On the other hand, venue owners and service providers need a management system that is agile and easy to implement so they can adjust their marketing strategies to rapid changes as well as test new offerings without requiring whole new software development.
Service providers want to be able to monetize their Wi-Fi network both at the retail and wholesale levels. For example, launching new marketing campaigns geared at both their current subscribers as well as their competitor’s end-users or visitors through a simple to create captive portal. They want to be able to make partnerships and deals with venues or brands quickly and test new business models including through MVNOs and roaming agreements.
BSNL strategy towards Wi-Fi is also in line with the level of industry confidence in Wi-Fi investment reported by is at its highest-ever as reported by the Wireless Broadband Alliance in its Annual Industry Report for 2017. The new global study by Maravedis has revealed that over 80 percent of those surveyed feel as or more confident about Wi-Fi than they did a year ago.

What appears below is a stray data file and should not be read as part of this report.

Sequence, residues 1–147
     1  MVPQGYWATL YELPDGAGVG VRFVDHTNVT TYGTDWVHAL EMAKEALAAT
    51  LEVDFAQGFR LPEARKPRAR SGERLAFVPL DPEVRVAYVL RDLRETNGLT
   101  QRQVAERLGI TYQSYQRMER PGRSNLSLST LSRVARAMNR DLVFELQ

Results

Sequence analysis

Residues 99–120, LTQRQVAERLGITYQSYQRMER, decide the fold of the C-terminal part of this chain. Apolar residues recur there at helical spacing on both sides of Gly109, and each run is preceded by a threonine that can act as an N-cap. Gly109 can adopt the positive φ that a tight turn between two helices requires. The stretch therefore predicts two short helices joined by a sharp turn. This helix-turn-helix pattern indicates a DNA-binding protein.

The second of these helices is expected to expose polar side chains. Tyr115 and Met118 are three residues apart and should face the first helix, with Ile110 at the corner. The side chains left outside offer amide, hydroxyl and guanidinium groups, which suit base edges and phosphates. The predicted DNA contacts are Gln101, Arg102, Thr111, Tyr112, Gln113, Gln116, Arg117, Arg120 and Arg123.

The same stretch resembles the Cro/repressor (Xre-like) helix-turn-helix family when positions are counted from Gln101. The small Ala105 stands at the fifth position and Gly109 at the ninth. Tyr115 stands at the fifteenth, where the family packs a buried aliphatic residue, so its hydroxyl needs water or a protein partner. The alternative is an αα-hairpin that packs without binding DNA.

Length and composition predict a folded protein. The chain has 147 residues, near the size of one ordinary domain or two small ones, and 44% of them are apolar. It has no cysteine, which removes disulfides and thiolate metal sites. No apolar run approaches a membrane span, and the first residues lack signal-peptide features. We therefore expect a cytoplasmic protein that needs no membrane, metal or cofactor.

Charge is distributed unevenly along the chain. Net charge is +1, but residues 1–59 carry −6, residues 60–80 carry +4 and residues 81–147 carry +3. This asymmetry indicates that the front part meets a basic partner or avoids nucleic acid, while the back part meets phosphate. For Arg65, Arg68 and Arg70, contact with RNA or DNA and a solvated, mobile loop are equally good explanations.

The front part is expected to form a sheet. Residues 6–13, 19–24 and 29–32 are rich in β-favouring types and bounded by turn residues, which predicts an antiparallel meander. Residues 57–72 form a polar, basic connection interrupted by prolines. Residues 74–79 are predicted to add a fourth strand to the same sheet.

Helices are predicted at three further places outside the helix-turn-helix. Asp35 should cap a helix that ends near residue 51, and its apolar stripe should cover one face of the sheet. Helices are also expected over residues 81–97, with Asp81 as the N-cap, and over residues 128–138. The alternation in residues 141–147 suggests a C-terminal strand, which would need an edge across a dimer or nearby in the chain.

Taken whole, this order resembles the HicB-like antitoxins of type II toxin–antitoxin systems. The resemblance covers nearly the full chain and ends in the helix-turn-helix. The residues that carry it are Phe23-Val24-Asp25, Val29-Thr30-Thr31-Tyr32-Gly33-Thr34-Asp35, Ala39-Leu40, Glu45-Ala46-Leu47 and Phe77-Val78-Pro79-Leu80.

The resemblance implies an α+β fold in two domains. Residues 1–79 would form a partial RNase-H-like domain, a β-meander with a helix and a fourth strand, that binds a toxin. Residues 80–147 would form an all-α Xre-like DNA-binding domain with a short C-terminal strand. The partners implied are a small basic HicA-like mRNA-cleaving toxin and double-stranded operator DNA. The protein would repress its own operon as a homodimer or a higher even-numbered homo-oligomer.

As industry attention moves toward monetizing Wi-Fi, the study also highlights the services most important to monetization strategies for 2018 according to respondents included location-based services (37.5 percent), roaming (33 percent) and marketing analytics (almost 33 percent). The three Wi-Fi use cases tipped to drive near-term revenue potential include: extending internet access and media to a full smart home, richer and more efficient enterprise services driven by cloud managed networks and security, and expansion of the Wi-Fi, roaming model.
India is a leader in ICT-enabled outsourcing services. BSNL’s efforts in extending fiber-optic backbones to rural areas and deploying low cost and high-quality Wi-Fi is expected to result in lower costs and greater affordability and likely to narrow the gap in ICT access between rural and urban areas. Sterlite Tech plays a central role in enabling BSNL to deploy, manage and monetize its Wi-Fi network thanks to its 2017 WBA award-winning Wi-Fi Service Management Platform (SMP).
Sterlite Tech’s Wi-Fi Service Management Platform (SMP) is a modular, pre-integrated solution for Carrier Wi-Fi, Enterprise Wi-Fi, Public Wi-Fi, Smart City Services. With a comprehensive cloud-ready platform, Wi-Fi SMP helps CSPs to offer innovative services and launch unique business cases, thus ensuring service differentiation, create new revenue opportunities and enhance customer experience.
For more information, please visit www.elitecore.com/service-provider-wifi.htm
The post Analyst Angle: BSNL driving digital India with Wi-Fi strategy appeared first on RCR Wireless News.